We love this 5th grade question for decimals: If 8 apples cost $4.16 and 13 lemons cost as much as 5 apples, what is the cost of 8 lemons? First, here’s our suggested solution. Why do we like this question? It requires students to break apart the problem into 3 or 4 separate steps, but […]
Here’s a problem in 5th grade that involves all of the following: Problem Solving Bar Modeling Dividing Decimals Multiplying Decimals Rey had 5 times as much money as James at first. When Rey gave James $12.50, both of them have the same amount of money. How much money does Rey have at first?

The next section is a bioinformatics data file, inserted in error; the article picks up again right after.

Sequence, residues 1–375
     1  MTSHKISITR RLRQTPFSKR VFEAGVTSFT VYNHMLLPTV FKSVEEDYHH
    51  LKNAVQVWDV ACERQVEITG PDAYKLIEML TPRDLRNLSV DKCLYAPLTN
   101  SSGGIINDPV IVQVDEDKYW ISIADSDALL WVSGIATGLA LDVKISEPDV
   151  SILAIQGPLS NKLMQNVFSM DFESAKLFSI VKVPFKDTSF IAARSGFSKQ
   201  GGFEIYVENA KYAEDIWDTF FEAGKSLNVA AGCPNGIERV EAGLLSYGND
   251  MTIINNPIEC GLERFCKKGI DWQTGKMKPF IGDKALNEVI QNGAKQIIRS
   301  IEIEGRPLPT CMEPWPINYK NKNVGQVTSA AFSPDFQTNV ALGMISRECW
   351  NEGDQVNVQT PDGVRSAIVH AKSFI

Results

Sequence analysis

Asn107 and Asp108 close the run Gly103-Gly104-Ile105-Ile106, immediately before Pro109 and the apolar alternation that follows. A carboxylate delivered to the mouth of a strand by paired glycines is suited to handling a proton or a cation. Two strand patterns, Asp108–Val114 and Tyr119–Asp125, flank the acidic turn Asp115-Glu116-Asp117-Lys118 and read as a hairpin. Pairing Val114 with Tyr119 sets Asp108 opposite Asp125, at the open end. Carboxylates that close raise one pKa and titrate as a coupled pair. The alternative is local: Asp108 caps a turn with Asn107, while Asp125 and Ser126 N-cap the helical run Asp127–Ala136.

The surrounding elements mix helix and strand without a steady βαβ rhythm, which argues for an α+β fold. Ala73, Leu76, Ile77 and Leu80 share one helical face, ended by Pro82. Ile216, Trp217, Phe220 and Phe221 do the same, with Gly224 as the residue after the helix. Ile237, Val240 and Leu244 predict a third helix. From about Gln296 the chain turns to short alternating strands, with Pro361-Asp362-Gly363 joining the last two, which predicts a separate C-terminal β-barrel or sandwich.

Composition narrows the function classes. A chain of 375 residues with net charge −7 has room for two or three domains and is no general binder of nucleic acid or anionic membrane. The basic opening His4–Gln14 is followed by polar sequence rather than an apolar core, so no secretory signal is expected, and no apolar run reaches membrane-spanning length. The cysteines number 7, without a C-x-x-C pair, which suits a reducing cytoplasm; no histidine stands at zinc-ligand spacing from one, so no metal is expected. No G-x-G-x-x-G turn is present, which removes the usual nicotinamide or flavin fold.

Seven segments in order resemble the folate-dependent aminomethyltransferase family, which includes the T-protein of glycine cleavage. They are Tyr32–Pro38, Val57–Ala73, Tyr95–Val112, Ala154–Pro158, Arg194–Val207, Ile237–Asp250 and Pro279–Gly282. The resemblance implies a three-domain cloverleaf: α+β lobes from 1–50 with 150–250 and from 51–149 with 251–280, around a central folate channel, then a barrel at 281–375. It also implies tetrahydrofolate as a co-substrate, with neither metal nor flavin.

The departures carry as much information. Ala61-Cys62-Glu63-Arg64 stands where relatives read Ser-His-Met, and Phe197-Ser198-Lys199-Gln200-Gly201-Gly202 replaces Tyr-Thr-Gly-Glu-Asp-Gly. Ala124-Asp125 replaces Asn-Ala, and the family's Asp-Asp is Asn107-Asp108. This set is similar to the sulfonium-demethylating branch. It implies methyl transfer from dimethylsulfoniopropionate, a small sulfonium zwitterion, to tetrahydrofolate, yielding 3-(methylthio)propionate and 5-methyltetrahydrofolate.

Even though students generally have a good sense of place values for whole numbers by the time they start 4th grade, they may have trouble extending their understanding to decimal places when they encounter decimals for the first time. This is especially evident in the exercises on comparing decimals. The main difference when dealing with
Fractions and decimals both serve the same purpose of describing parts of a whole, i.e. they are two ways of expressing non-whole values. Up to 4th grade, students learn fractions and decimals as separate topics and once comfortable with both formats, they should start to appreciate the relationship between the two. Why is Understanding the Relationship